Photo Gallery: Great Yarmouth Arts Festival begins

The first Great Yarmouth Arts Festival began today, aiming to inspire the town towards realising its artistic potential.

The brainchild of retired surgeon Hugh Sturzaker, from Hobland, near Browston and Gorleston, the festival will run from today until September 22 and began with a free exhibit of work from local and UK artists in The Minster Church of St Nicholas in Church Plain.

Mr Sturzaker, who is also vice chairman of the St Nicholas Preservation Trust, said: 'I wanted to bring some good art to Yarmouth and show what we already have here.

'We need to encourage people to participate, in music, literature, poetry, and to learn about the great heritage we have in this town that is not always appreciated.

'People always run down Yarmouth but they do not see what great art we have here.'

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By 1pm today there had already been 150 people come through the doors to enjoy the free exhibit.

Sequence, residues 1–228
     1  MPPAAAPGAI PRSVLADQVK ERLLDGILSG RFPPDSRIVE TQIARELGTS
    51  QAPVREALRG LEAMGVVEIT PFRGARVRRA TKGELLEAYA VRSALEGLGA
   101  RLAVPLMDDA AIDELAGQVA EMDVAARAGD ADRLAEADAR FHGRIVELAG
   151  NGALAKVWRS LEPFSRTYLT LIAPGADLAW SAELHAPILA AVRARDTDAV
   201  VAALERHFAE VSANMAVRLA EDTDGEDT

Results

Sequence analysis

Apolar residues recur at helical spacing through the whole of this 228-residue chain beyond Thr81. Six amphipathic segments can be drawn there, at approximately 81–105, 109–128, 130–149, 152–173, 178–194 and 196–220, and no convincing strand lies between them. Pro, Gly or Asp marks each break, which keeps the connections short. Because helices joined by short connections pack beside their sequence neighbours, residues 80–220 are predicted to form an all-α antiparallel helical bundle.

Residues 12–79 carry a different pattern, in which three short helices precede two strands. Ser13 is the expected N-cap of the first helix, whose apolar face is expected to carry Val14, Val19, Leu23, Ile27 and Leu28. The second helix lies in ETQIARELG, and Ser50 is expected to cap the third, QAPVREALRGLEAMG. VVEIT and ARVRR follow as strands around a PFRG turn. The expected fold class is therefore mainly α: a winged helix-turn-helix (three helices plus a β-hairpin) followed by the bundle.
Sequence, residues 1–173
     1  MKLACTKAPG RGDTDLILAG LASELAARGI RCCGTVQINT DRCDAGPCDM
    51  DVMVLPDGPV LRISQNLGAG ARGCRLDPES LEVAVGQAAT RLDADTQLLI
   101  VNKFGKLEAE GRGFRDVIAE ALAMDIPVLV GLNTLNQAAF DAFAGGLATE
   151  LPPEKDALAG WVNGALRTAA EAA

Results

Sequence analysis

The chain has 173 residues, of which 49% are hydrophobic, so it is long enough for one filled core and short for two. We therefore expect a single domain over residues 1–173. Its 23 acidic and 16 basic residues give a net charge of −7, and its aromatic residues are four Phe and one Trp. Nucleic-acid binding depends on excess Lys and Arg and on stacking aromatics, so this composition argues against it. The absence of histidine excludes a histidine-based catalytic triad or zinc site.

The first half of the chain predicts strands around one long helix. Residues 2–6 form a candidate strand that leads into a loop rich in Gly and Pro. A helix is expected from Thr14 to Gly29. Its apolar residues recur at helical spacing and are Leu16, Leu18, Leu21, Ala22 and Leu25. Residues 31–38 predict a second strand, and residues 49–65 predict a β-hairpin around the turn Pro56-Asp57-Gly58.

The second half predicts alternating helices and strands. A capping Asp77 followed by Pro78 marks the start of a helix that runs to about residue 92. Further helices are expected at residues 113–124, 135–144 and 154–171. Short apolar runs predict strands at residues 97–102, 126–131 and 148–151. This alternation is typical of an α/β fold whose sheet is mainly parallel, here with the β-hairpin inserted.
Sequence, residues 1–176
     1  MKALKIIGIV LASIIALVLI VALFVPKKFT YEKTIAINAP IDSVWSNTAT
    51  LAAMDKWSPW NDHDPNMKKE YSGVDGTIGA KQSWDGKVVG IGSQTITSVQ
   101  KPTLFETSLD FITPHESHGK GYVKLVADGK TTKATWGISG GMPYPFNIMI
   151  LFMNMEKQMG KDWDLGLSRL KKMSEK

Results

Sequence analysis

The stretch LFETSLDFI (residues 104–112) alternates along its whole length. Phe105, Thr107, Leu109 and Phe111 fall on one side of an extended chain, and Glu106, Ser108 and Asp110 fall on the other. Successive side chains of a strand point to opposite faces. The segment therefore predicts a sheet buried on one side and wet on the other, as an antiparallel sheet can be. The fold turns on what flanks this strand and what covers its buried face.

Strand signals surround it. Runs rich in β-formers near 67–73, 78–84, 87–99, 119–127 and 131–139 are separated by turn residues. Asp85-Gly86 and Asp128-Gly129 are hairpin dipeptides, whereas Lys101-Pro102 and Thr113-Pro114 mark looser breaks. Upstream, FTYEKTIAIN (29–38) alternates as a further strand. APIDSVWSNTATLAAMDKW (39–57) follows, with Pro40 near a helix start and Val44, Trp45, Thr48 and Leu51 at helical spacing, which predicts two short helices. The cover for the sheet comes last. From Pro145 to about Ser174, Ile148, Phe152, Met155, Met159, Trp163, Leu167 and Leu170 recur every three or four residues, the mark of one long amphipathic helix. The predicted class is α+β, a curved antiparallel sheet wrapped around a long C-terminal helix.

Geoffrey Lewin, 58, had come all the way from Aylsham with his wife for the beginning of the festival.

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Mr Lewin said: 'I have found it very interesting, there is a great mix of art, some I did not like but others that I was very intrigued by.

'I think it would be great if Yarmouth had something like this every year, I hope the local people will support the cause.'

Children from local schools created a shimmering metallic tree of herrings, cut from the foil from crisp packets, made under supervision from Matthew Harrison, a local artist who works with disadvantaged children.

This was placed outside and complemented the professional works - all of which are for sale - which filled the church and were a real mix of styles and motives.

Curator of the exhibit was Rebecca Weaver from Suffolk, who was invited by Mr Sturzaker and spoke very highly of the calibre of creation found in Yarmouth.

The curator said: 'It is a very mixed exhibition, we have some fantastic pieces from people who have not shown before.

'This is about showcasing the town's artists, you do not always see this, but it exists.'

The festival will need support if it is to succeed, as it has minimal funding from Norfolk County Council and sponsors.

This evening there will be a concert by Great Yarmouth Brass in the church and on Tuesday there will be a talk on the Great Yarmouth fishing industry in St Paul's Church Hall at 2pm.

For the full list of events visit

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